Designed by HKIT Architects, the 79-unit Miraflores Senior Apartments is part of a broader effort to transform a 14-acre site in Richmond, Calif., into a diverse mix of housing and community amenities.
HKIT Architects Designed by HKIT Architects, the 79-unit Miraflores Senior Apartments is part of a broader effort to transform a 14-acre site in Richmond, Calif., into a diverse mix of housing and community amenities.

Partners Eden Housing, Community Housing Development Corp. (CHDC), and the city of Richmond, Calif., persevered to bring the long-awaited Miraflores Senior Apartments to the finish line.

Nearly 20 years in the making, the 79-unit community for seniors 62 and older was fully occupied in August.

“There were very difficult issues that we had to overcome in order to develop the site,” says Woody Karp, senior construction project developer at Eden Housing.

The 14-acre site was once owned by three Japanese families that operated flower nurseries on the site for over 100 years. When the nurseries closed, the city acquired the site with a vision of a diverse mix of housing stock, including affordable and market-rate units. However, the team had to overcome the elimination of the state’s redevelopment agencies, the economic downturn, the loss of the original market-rate developer, and years of remediation work from the pesticides used at the nurseries.

Without a market-rate developer, Eden and CHDC still moved forward on the affordable housing component, utilizing a 1.5-acre parcel on the site.

“As our population continues to get older, there is a high demand for senior housing,” says Joanna Griffith, assistant director of real estate development at CHDC.

The team worked closely with the Richmond Housing Authority, which awarded project-based vouchers for all of the units, on outreach in the community. In addition to a manager’s unit, 16 units are at 30% of the area median income (AMI), 23 at 40% of the AMI, and 40 at 45% of the AMI.

“We really were committed to serving the extremely low-income here,” adds Karp.

The $39.7 million development was one of the first to receive California Department of Housing and Community Development’s Affordable Housing and Sustainable Communities Program funding, which is part of the state’s innovative “cap-and-trade” carbon emissions auction program. As part of the award, the team built a linear park to serve both residents and the surrounding community and a pedestrian and bike path that connects the community to the Richmond Greenway and a nearby commercial district. It also received funding to provide each apartment with one transit pass for free local bus service for the first three years.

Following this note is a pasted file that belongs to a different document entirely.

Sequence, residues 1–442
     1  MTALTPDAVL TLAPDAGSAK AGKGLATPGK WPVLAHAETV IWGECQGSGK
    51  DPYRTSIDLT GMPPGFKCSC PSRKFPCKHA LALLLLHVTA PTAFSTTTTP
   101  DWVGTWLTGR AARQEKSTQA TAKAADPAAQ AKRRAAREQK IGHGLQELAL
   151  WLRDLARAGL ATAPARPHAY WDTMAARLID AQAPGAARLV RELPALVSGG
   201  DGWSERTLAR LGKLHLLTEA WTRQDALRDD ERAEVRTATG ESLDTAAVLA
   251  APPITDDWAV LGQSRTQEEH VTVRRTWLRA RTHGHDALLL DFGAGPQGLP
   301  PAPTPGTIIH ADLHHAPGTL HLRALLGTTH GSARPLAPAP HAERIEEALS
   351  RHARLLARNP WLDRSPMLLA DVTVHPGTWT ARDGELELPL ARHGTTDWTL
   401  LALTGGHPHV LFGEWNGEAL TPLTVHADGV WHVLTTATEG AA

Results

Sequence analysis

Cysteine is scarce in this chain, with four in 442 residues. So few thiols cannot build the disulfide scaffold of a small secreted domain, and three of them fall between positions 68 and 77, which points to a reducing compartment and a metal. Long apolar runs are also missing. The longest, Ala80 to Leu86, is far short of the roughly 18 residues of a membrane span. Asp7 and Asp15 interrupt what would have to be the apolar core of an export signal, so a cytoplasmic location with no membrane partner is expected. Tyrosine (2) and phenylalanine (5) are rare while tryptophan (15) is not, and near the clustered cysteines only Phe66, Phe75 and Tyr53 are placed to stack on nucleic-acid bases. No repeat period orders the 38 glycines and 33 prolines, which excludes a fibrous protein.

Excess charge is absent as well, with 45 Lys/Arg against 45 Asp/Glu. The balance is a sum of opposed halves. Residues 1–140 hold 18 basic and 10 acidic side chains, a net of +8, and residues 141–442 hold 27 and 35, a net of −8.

The city of Richmond donated the land for $1, remediated the site, and provided a loan. Additional financing included low-income housing tax credit equity from Wells Fargo, a permanent mortgage through California Community Reinvestment Corp., a Federal Home Loan Bank of San Francisco Affordable Housing Program grant through member Wells Fargo, and a loan from the Successor Agency to the Richmond Redevelopment Agency.

The building is certified GreenPoint Rated Gold and features solar panels on the roof, which is generating approximately 80% of the common area electrical usage, and solar thermal panels that preheat water and reduce the amount of gas usage for residents.

In addition, it includes a computer lab with high-speed internet, free Wi-Fi in the community spaces, a fitness room with exercise equipment specifically designed for seniors, and raised garden beds.

“One thing we find at senior properties is residents love to garden, and we really promote that,” adds Karp. “We have raised beds that are fully ADA accessible so a person in a wheelchair can work and garden there.”

A market-rate developer is now working on 190 for-sale townhouses over flats, with 160 of the units at market-rate and 30 units at below-market. It also will renovate one of the homes that was on the site, which will be owned and managed by the parks department as a community resource and will pay tribute to the rich heritage of the site, including the contributions of the Japanese flower industry and the internment of Japanese-Americans during World War II.

“The homeownership units are in the process of being developed,” adds Griffith. “It’s going to really impact this area by adding more affordable and homeownership housing.”